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Tuesday, August 23, 2011

Brasil Hosts A Homecoming



ugust 22, 2011 9:18 pm

Brazil hosts a homecoming

cassio calil
Return of the native: Cassio Calil says that having connections in Brazil is as important as actually being Brazilian
Cassio Calil recalls how he watched the recent rise of Brazil while working in the skyscrapers of New York.
After joining JPMorgan’s investment bank in 2005, having first left Brazil in 1987 for more promising climes, he noticed more and more representatives of ambitious Brazilian companies intent on international expansion turning up in his office. After decades of missed opportunities, Latin America’s largest economy was on the move.

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“I was watching Brazil growing and growing from the camarote of New York,” says Mr Calil, referring to the private boxes used by spectators during Carnival. “I was participating [in that] by helping our Brazilian clients with solutions, but I was sitting in Park Avenue and watching Faria Lima grow,” he says.
He began to ponder a return to his native country and, today, he is one of those sitting in an office in Faria Lima – the avenue most popular with investment banks in São Paulo – after being appointed head of JPMorgan Asset Management in Brazil this year.
Mr Calil is among a growing number of Brazilians with international expertise and experience who are returning to Brazil. They are helping Latin America’s largest economy deal with a shortage of managerial talent as it becomes ever more entwined in the global economy, particularly after China overtook the US as its biggest trading partner in 2009.
Brazil’s distinctive culture, the lack of English spoken at street level and the country’s labyrinthine politics and bureaucracy make it hard to import foreign talent. Meanwhile, the global financial crisis is also prompting more Brazilian expatriates to consider going back, according to executive search consultants.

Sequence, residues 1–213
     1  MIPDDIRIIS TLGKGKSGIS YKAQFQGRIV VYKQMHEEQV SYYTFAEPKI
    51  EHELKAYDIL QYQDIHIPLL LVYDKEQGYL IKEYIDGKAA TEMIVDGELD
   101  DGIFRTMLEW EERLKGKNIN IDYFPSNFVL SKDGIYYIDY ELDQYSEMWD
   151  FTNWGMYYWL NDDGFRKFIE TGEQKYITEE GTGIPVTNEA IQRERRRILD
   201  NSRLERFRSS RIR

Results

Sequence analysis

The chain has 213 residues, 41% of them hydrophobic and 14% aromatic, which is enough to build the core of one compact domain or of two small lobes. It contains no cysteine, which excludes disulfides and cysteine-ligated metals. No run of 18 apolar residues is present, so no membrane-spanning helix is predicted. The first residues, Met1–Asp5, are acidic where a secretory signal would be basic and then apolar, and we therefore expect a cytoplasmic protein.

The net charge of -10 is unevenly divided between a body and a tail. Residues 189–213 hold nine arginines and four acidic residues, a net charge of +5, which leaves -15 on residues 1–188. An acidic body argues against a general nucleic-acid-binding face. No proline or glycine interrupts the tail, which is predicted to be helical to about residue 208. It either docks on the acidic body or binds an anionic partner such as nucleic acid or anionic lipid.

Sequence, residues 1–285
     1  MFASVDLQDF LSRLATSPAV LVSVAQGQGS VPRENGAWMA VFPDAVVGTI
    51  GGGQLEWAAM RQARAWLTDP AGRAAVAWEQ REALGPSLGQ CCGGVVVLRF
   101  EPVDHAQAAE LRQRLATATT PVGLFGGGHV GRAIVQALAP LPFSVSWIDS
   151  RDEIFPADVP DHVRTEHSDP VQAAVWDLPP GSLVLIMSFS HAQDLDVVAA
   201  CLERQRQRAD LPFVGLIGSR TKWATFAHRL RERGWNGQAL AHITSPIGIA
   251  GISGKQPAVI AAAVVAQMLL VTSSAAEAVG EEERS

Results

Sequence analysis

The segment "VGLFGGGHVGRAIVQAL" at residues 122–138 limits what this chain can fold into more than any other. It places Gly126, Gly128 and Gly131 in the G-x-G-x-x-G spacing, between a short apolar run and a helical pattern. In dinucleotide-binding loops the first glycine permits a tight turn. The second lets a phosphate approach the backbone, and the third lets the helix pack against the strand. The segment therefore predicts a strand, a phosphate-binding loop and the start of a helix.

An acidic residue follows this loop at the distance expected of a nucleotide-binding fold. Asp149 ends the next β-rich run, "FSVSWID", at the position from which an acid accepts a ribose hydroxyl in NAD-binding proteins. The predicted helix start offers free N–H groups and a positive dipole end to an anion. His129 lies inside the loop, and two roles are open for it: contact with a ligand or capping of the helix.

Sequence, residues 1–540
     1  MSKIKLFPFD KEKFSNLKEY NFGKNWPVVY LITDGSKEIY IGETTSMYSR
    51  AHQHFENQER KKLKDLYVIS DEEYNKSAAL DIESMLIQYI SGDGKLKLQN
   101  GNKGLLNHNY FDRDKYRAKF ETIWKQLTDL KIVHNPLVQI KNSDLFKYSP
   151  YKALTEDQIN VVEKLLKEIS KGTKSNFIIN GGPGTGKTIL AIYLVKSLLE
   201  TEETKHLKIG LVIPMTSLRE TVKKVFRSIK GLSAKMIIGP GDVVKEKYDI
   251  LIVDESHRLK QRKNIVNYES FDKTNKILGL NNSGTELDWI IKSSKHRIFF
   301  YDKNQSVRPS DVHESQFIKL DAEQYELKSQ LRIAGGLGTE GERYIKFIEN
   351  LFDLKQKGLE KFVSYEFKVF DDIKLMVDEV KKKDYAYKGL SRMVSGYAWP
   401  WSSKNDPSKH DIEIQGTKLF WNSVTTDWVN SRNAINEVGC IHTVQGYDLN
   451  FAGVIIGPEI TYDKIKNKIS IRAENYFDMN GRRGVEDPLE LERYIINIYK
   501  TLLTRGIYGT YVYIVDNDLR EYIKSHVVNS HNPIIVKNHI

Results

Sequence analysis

“We are seeing senior expatriates returning home because of the great opportunities here, and others who are also coming back because of the downturn in the US and Europe,” says Daniel Santiago Faria, country manager of Brazil for Marks Sattin, an executive search consultancy.
Popular sectors include banking and engineering. There are even specific schemes to attract and retain Brazilians with international experience. Citigroup, for example, has implemented programmes at US MBA colleges to recruit Brazilian graduates.
The shortage of managerial talent is reflected in soaring salaries. A study by Dasein Executive Search last December found that company bosses in São Paulo were the world’s highest paid, with a chief executive in Brazil’s financial capital earning an average of $620,000 excluding bonuses, compared with $574,000 in New York and $550,000 for top bosses in London. The trend has been accentuated by the strengthening of Brazil’s currency, the real against the dollar, but has primarily been driven by demand for talent.
Other recent returnees include Reinaldo Garcia, Latin America chief executive of General Electric, Sergio Leifert, chief operating officer of Société Générale, and Charles Ferraz, chief investment officer at Brazil’s largest private bank, Itaú.
“You read a lot about opportunities in Latin America, but when you’re there you actually feel it,” says Mr Garcia, who grew up in Ribeirão Preto amid the sugar cane fields of São Paulo state before leaving 31 years ago for the US. “It is one thing to go and visit [Brazil] and another to actually live there.”